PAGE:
NW: What about your professional background makes you feel you are a good choice for school board?
TT: At the age of 19, I started working for my county's child protective services as a case-aide. I would transport children who were adjudicated dependent [i.e. recipients of child welfare services upon a juvenile court ruling] and in foster care to visits with biological family members. I was exposed at an early age to systemic flaws within systems designed to help those in need. This experience, and others, propelled me into a social service career. I worked at the Erie County Office of Children and Youth for seven years, as a caseworker and eventually the training supervisor, before accepting the clinical therapist position at Harborcreek Youth Services three years ago. The past ten years have been dedicated to serving children and families here in Erie County.
I don't just read about the struggles of our community, I go into them with the families. I am at the dining room table, on the living room couches, in the classrooms, at the court hearings, and in my office as we figure out a way to get out of the darkness they are experiencing. I don't just make decisions for other people. I empower them so they can make their own.
Fighting for our children is not only what I know how to do; it is what I want to do. I serve on local nonprofit boards without compensation because I believe in creating a safe and thriving community for families, for my family.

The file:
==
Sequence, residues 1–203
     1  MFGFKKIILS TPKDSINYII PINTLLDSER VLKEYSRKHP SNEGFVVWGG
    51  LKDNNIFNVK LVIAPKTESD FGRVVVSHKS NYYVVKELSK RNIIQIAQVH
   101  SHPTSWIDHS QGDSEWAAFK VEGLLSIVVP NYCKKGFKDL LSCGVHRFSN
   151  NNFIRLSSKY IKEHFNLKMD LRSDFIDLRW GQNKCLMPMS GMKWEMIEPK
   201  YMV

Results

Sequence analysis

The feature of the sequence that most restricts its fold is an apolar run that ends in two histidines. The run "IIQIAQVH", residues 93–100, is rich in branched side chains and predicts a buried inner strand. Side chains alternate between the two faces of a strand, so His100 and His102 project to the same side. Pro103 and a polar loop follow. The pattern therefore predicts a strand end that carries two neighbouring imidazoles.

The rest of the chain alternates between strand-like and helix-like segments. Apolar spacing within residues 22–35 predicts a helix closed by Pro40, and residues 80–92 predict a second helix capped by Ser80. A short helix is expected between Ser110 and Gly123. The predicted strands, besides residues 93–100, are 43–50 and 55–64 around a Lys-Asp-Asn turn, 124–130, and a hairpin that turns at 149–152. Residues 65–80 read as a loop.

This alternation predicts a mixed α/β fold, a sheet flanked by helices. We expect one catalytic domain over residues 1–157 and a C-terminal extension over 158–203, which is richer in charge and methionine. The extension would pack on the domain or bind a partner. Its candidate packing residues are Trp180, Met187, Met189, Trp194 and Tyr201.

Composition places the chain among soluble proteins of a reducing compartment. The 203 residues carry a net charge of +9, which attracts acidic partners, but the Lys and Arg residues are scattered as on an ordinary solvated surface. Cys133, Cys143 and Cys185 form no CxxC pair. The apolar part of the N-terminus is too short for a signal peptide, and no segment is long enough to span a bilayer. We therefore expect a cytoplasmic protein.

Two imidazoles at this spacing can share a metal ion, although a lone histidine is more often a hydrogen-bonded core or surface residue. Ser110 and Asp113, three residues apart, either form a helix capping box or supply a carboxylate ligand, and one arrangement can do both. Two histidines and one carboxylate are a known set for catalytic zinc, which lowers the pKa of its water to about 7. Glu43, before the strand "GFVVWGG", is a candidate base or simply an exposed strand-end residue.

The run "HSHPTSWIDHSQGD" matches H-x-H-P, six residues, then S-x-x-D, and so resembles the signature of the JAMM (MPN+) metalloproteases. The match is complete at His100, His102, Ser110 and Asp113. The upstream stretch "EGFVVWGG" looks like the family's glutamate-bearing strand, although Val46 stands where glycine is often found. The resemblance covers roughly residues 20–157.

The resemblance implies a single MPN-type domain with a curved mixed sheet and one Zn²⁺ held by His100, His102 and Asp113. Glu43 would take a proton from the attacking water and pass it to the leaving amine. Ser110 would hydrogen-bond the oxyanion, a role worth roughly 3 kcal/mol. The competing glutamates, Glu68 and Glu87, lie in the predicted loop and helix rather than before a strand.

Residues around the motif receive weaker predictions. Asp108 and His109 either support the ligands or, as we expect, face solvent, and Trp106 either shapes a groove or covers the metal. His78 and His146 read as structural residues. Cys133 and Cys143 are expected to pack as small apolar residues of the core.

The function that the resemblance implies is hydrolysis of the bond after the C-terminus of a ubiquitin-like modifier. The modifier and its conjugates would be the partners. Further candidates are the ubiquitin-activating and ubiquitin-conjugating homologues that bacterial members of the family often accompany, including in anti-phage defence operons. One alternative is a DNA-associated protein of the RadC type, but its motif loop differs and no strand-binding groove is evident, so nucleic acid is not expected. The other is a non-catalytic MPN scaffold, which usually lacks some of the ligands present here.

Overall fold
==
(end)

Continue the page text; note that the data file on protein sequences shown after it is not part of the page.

NW: Lastly, how can voters get involved?
TT: Every person needs to ask themselves if they are okay with what they see happening in their community. If they aren't, then they need to run for office or get behind a candidate that they believe in. Every voter needs to know what is going on in local politics as this is what directly impacts their daily lives and ultimately determines the larger government around us. Local elections matter and we owe it to ourselves and our children to become invested. Ask questions, demand clarity and accountability, rally for your causes.
Titus is joined on the ballot by incumbents Angela Euell-McNair (herself a 40 Under 40 honoree in 2016) and Thomas Spagel, as well as realtor Tim Kuzma, and former teacher and coach Darlene Feeney — who was also struck from the primary ballot.
Nick Warren can be reached at firstname.lastname@example.org.
Note: This article was updated in 2021 to reflect Titus' they/them/theirs pronouns